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Phenotypic Analysis and Molecular Markers of Leaf Senescence

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Zhao, L., Xia, Y., Wu, X.-Y., Schippers, J. H. M., & Jing, H.-C. (2018). Phenotypic Analysis and Molecular Markers of Leaf Senescence. In Y. Guo (Ed.), Plant Senescence: Methods and Protocols (pp. 35-48). New York, NY: Springer New York.

Cite as: http://hdl.handle.net/21.11116/0000-0007-DC6A-B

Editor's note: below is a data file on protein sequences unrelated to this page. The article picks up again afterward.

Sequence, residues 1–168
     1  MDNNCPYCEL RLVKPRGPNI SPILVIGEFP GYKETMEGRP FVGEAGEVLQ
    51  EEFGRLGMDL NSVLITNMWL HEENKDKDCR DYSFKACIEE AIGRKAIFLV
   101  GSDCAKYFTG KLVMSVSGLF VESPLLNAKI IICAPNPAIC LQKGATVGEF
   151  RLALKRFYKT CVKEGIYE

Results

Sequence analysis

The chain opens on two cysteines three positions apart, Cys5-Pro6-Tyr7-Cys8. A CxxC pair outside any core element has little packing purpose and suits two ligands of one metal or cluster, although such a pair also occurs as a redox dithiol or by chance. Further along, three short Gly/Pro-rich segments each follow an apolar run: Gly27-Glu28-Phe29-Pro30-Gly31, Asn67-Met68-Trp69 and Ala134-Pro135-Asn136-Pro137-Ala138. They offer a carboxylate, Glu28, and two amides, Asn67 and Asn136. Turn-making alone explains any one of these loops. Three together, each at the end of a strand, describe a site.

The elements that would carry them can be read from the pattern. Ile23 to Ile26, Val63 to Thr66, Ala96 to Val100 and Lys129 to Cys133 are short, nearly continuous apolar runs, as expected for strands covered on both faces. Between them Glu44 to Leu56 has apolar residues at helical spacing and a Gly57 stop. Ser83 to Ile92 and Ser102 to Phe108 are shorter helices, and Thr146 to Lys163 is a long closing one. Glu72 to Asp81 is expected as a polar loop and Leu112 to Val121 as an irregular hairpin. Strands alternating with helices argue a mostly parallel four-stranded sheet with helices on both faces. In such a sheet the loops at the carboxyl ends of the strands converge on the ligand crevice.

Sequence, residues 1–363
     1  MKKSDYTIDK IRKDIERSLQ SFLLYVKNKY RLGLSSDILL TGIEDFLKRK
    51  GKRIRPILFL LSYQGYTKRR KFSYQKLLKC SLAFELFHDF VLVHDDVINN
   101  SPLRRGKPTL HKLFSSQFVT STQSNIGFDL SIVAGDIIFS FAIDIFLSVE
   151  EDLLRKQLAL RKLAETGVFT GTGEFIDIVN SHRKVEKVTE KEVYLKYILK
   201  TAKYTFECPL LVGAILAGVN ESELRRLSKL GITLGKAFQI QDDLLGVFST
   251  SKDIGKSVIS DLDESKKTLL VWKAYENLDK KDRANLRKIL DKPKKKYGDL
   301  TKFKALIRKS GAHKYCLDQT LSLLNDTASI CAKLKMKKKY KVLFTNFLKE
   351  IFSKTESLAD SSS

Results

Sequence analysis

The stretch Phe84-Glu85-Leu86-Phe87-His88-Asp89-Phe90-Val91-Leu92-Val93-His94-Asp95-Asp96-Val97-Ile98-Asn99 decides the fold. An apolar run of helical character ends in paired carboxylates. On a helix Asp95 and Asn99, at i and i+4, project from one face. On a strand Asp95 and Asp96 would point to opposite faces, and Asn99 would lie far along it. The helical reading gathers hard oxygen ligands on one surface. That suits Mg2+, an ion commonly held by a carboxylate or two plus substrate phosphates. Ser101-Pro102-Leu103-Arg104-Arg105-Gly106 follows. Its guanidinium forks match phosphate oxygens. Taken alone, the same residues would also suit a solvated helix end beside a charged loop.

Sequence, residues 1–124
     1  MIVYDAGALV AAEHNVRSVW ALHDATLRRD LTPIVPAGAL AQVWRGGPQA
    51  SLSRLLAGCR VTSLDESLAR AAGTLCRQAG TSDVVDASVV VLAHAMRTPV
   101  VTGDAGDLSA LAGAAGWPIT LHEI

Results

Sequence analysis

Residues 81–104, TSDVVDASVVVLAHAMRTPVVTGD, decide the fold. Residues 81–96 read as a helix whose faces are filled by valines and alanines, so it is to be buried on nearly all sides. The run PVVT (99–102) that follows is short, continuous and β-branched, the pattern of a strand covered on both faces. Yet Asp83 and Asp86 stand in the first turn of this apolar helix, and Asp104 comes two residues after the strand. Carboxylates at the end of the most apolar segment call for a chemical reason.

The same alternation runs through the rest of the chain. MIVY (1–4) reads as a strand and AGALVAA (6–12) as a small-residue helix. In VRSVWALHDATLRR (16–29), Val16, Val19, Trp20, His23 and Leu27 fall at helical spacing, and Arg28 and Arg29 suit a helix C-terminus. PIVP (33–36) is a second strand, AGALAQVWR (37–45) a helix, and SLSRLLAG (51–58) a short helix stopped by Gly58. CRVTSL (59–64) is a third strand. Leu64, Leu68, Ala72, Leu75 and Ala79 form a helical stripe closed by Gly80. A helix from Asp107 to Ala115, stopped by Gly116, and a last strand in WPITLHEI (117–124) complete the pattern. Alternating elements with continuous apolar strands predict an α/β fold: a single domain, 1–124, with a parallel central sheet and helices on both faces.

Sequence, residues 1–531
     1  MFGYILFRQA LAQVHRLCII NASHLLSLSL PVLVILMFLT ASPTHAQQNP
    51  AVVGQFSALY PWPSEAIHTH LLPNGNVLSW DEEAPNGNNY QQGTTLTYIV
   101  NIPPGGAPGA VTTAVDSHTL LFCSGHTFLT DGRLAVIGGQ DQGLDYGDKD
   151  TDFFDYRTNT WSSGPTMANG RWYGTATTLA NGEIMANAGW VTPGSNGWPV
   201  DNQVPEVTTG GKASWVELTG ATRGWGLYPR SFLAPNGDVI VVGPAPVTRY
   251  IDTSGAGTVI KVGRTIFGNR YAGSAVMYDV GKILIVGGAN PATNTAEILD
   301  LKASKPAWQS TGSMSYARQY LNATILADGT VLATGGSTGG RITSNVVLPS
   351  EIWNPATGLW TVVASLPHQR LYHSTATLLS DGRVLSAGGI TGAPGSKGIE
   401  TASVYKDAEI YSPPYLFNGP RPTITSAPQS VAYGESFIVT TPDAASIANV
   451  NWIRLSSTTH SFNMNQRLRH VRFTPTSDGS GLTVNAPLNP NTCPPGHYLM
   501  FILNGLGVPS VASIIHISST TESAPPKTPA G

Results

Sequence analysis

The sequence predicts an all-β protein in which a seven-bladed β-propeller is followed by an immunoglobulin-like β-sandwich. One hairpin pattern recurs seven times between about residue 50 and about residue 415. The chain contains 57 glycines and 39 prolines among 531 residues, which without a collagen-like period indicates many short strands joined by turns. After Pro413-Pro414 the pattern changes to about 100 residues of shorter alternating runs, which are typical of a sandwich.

The process of leaf senescence consists of the final stage of leaf development. It has evolved as a mechanism to degrade macromolecules and micronutrients and remobilize them to other developing parts of the plant; hence it plays a central role for the survival of plants and crop production. During senescence, a range of physiological, morphological, cellular, and molecular events occur, which are generally referred to as the senescence syndrome that includes several hallmarks such as visible yellowing, loss of chlorophyll and water content, increase of ion leakage and cell death, deformation of chloroplast and cell structure, as well as the upregulation of thousands of so-called senescence-associated genes (SAGs) and downregulation of photosynthesis-associated genes (PAGs). This chapter is devoted to methods characterizing the onset and progression of leaf senescence at the morphological, physiological, cellular, and molecular levels. Leaf senescence normally progresses in an age-dependent manner but is also induced prematurely by a variety of environmental stresses in plants. Focused on the hallmarks of the senescence syndrome, a series of protocols is described to asses quantitatively the senescence process caused by developmental cues or environmental perturbations. We first briefly describe the senescence process, the events associated with the senescence syndrome, and the theories and methods to phenotype senescence. Detailed protocols for monitoring senescence in planta and in vitro, using the whole plant and the detached leaf, respectively, are presented. For convenience, most of the protocols use the model plant species Arabidopsis and rice, but they can be easily extended to other plants.